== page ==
Pop hamstrings its albums by nature, as getting production done by sure-fire hitmakers like Max Martin, Zedd, or Dr. Luke costs a huge amount of money, allowing for one or two smashes per record. The other 12-13 songs? Produced by nobodies who will work for next to nothing and don’t have a handle on what makes a hit song tick, so they’re garbage. It doesn’t apply to all pop records, but for, say, Ariana Grande, there’s a reason you’ve only ever heard two songs from her latest, which is 15 songs long.

  • Jason Curtis

    I completely agree with this and have been thinking the same since I can remember, pushing this view on anyone who cared to listen.
    The Iron Maiden example was spot on. I tend to call it ‘Metallica syndrome’ (thinking …AJFA onwards), where too many songs or songs are unnecessarily long, and a spot of editing would result in a much fillerless memorable album.

    Some bands (Down for example) are embracing EP lengths now which I think is great and counters this problem at least a little. Just a few songs before leaving us wanting more, raising anticipation for the next batch of songs…

  • Steve

    “The new Blind Guardian is 15 minutes too long”

    No it isn’t.

    • Yes, yes it is.

      • Steve

        It passes me by in a flash every listen. Though i guess if you hire a few choirs and orchestras for your album you want to get your money’s worth.

        • It’s weird. I love the music (review coming soon) but I have two major complaints about it that make it tough for me to love it with all my heart.

          • Steve

            I have to wait for the actual disc to come but the production seems suspect. Though that’s a general problem with all their more recent albums.

          • Diabolus_in_Muzaka

            Fingers crossed one of those complaints doesn’t start with an H and end with an ansi…

          • BaboonKing

            If the single released on YouTube is anything to go by, I bet one of those two complains will be about the mastering…

            Anyway, really looking forward to that review!

          • Grymm

            That mastering job was horrific.

          • I’d say Grymm it’s more of the mix than the master.

          • Grymm

            That’s what I meant.

            Thank you, Alex.

        • Ernesto Aimar

          Yeah, I’m waiting for that BG review. After listening to it 10s of times I love it and I don’t think it’s 15 minutes too long. But I do agree the mix of the album have strong flaws.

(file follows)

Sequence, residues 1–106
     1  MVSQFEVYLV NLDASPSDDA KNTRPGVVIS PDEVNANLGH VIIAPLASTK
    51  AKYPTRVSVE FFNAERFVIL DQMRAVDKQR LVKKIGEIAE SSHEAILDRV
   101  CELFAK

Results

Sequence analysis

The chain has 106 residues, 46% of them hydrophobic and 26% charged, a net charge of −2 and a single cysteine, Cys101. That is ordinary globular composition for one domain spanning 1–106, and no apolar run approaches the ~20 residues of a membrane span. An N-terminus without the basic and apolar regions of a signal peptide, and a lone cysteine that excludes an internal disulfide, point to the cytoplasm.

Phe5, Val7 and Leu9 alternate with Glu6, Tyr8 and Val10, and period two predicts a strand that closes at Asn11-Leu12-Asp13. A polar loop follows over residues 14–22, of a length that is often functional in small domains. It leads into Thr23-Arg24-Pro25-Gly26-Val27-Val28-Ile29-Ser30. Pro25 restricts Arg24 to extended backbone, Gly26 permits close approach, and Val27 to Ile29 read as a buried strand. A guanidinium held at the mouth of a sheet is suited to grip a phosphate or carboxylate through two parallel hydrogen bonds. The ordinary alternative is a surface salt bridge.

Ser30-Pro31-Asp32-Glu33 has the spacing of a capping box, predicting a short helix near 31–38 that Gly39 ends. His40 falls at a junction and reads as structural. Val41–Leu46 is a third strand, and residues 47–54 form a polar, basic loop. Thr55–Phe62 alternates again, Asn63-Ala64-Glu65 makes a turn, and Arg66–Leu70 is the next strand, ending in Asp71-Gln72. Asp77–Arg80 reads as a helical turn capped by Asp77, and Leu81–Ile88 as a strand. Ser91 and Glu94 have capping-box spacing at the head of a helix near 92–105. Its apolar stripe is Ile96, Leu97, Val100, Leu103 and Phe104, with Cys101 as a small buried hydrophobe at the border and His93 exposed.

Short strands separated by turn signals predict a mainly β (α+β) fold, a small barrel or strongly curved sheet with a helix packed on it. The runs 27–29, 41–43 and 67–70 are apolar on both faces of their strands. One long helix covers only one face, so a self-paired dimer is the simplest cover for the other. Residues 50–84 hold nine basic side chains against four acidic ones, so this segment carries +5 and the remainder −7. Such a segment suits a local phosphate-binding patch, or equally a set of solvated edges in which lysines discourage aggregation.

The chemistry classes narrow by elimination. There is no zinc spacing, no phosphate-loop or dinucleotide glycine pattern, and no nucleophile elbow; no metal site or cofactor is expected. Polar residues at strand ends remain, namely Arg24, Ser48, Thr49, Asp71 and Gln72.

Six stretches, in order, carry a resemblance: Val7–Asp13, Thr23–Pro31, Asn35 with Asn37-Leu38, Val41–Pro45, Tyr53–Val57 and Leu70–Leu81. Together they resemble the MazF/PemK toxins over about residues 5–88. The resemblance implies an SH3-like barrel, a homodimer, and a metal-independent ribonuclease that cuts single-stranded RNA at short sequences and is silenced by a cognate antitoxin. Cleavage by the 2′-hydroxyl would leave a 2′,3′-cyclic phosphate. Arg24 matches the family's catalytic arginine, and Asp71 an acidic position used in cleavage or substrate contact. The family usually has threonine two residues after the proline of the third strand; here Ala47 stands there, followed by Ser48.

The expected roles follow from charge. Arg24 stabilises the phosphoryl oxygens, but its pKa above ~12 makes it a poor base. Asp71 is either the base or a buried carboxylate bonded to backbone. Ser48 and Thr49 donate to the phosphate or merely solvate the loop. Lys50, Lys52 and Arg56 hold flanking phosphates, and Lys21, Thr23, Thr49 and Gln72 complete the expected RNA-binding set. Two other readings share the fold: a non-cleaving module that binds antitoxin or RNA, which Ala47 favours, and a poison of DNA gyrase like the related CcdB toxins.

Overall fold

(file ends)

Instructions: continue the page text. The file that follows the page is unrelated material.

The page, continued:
Still, I likled “At the Edge of Time” a lot better. IMO, it was the best BG record since “Nightfall…”

          We’ll have to complain about it in the proper comments section ;)

    • Ralph Plug

      Yes it is.

      It’s also not as brilliant as all the glowing reviews make it out to be. Problem for me is that it’s Blind Guardian PLUS all sorts of extra padding. And if there’s one band that doesn’t need that, it’s BG. New Orden Ogan is the winner for me out of those two, and I’m speaking as a long-time fan.

      • Ernesto Aimar

        Long time fan here too and agreed on Orden Ogan!

        Still, BG always gets me. It’s the only band I like 100% of their songs, some more, some less, but no BG song it’s crap to me.

  • André Snyde Lopes

    Yes to all. I have never listened to a double album that I liked 100% of. Ever.

    But to every rule there is an exception. The last Tribulation album was 75 min long and it’s one of the best albums I have listened to in recent years. Equilibirum’s Sagas was nearly 80 min and it’s goddamn amazing. Same for ORwarriOR. Unsurprisingly, all three came out in the last 10 years. Still, this is a very very VERY small minority of albums.

    Non-metal side-note: Hip-hop albums are by far the worst offenders of lack of editing. A lot of them run over an hour long and pretty much every single one has at least 3 or 4 songs that are lackluster or just plain suck, even if the rest of the album is awesome.

    • Diabolus_in_Muzaka

      Agree on the hip-hop comment. Wu-Tang Forever had some awesome stuff, but in no way did it justify a double album.

      • André Snyde Lopes

        Also, pretty much every Tech N9ne album. He just doesn’t know when to stop.

        • Diabolus_in_Muzaka

          Yeah, guy made a full 60-odd minute disc, and then made a bonus disc with another 60-plus minutes. Dude can spit, but the only thing he’s ever done worth listening to start to finish is that little EP produced by Ross Robinson a couple years back. I think it was called Therapy or something.